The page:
Susan's Blog

Wednesday, October 21, 2009

Toy Story

I had to go to the Apple Store to pick up Twilight Princess (this laptop) whose clicking pad was clicking way too much. I couldn’t get anyone to go with me to get it, though. Not Ned. Not even Max. I didn’t know why at the time but this set off a huge crying jag.

When Max was little, I always took him shopping with me. He loved shopping with me, because he knew I would get him a little treat: at the Stop & Shop, a fresh-baked cookie from the bakery; at the mall, a tiny transformer guy. I learned about transformers from Max. I was fascinated with the tiny plastic fire truck that, when you twisted the parts around, became a robot. So was Max.

I was also fascinated with the way he played. He was my second child, but the first one who played. He was the first little boy I ever really played with — I only played with girls when I was a girl. Back then I would try to organize the toys in bins: a box for all the different toy people figures; a box for vehicles; a box for play food; Beanie Babies; weapons and tools; and so on. Max had some toys that were a combination, though: where, for example, did you file the Chicken McNugget Man? Was he a food, or a person?

Max also played with toys from all different toy species, mixing them in ways I could never imagine. He would take the Playmobil guys and put them with stuffed animals for a picnic. All the parts of the toys would be spread out, put away in the wrong boxes, the wrong bins. And now, of course, the bins are filled with as much fluffy dust as fake hamburgers. It used to frustrate me; how stupid. Here I had a boy who actually played with toys, and yet I wanted him to play with them differently!

So tonight Max barely raised an eyebrow when I told him how I had sweet-talked the Apple Genius into fixing my computer for free, even though I’m out of warranty. I drove to the mall stewing in my self-pity. At home, I threw a tantrum and played alone with my new, clean computer. Max shuffled in, “Everything okay?” What a great kid he is. I am such an idiot.

I realized, with a sudden sharp stinging in my throat, that Max was going to leave next year, and that he already was leaving. I just couldn’t take it.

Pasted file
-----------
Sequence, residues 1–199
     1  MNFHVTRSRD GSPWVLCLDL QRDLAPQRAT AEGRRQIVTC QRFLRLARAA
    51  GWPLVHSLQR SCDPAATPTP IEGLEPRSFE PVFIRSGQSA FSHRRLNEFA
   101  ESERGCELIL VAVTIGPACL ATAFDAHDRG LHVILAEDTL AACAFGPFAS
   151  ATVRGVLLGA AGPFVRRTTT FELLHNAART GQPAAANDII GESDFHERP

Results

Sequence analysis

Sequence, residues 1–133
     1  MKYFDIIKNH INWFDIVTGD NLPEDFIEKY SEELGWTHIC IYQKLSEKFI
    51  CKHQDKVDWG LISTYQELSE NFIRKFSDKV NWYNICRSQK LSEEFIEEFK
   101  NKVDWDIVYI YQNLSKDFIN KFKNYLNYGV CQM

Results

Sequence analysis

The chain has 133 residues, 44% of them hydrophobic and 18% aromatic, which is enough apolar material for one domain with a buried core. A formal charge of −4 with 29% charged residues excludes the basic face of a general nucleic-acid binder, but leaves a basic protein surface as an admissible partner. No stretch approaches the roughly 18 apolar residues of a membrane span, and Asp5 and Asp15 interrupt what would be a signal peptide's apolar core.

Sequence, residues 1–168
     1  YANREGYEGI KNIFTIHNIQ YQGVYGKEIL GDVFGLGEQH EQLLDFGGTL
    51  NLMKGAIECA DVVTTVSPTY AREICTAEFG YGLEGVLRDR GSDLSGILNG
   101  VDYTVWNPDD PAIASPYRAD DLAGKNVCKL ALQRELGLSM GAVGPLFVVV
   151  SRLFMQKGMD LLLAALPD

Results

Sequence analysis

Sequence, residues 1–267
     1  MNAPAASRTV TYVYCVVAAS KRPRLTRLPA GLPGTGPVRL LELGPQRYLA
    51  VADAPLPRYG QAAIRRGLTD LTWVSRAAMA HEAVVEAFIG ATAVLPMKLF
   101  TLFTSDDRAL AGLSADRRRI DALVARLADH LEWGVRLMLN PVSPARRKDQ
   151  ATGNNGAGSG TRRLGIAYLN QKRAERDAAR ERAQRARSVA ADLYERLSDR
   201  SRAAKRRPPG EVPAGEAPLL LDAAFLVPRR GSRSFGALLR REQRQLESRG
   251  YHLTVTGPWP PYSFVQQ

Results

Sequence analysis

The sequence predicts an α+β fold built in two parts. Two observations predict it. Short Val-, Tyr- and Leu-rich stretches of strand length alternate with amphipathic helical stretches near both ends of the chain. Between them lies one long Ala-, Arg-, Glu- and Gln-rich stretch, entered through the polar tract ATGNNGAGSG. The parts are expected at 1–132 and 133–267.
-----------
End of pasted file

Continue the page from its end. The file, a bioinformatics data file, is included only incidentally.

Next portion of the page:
He’s doing exactly what he should be doing but it just hurt and hurt. There is nothing I can do about it. It is another thing that is just going to freaking hurt. It’s Nat all over again. They do grow up, people say, laughing at me. Oh, it hurts when you drop them off at college. It hurts when you drop them off at The House.

They just grew the hell up. I never thought I’d wish for a chance to pick up little Happy Meal toys again. Or that I’d miss watching Disney Sing-Alongs year after year after year.

I told him eventually how I already missed him, but that he was doing everything right. He pulled me into a deep hug, and for a moment, he was my little boy again. But so tall!


Oh, say it aint so. *sigh* I feel for you, Susan, and I know that one day it will happen to me and I'll just be a big, blubbering mess. Sending gentle thoughts your way.

— added by mumkeepingsane on Thursday, October 22, 2009 at 7:54 pm

Buck up, Susan – you and Ned are to be congratulated for raising fine sons. That's no small feat or feet, as the case may be. Sending you a hug from New Orleans, Lisa

— added by Anonymous on Friday, October 23, 2009 at 10:05 am

You've touched an essential nerve and the fundamental dilemma of parents, Susan. We want the kids to grow up and go out into the world, but damn, it's hard to let go of watching Sesame Street together while eating peanut butter rice cakes. fyi

— added by Annie Fox on Friday, October 23, 2009 at 3:43 pm

I could just cry right along with you. Even the thought of letting my boy go makes me cry. And he's 5! Big hugs to you.

— added by Brenda on Sunday, October 25, 2009 at 10:42 am

This is hard for me, too, especially when I have one who will not be growing up. It's going to be a quiet and lonely house when they go. Sigh.


— added by Anonymous on Tuesday, October 27, 2009 at 12:52 pm

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